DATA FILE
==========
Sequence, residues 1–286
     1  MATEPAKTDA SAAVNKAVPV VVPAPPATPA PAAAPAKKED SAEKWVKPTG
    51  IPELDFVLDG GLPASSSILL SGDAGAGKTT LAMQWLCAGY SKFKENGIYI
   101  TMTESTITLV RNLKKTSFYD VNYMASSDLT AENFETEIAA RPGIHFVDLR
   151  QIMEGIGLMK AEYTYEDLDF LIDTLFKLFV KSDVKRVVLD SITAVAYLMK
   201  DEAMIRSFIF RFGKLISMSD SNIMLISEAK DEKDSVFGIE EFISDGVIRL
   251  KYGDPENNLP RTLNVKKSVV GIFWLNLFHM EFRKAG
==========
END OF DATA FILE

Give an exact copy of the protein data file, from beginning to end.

Sequence, residues 1–286
     1  MATEPAKTDA SAAVNKAVPV VVPAPPATPA PAAAPAKKED SAEKWVKPTG
    51  IPELDFVLDG GLPASSSILL SGDAGAGKTT LAMQWLCAGY SKFKENGIYI
   101  TMTESTITLV RNLKKTSFYD VNYMASSDLT AENFETEIAA RPGIHFVDLR
   151  QIMEGIGLMK AEYTYEDLDF LIDTLFKLFV KSDVKRVVLD SITAVAYLMK
   201  DEAMIRSFIF RFGKLISMSD SNIMLISEAK DEKDSVFGIE EFISDGVIRL
   251  KYGDPENNLP RTLNVKKSVV GIFWLNLFHM EFRKAG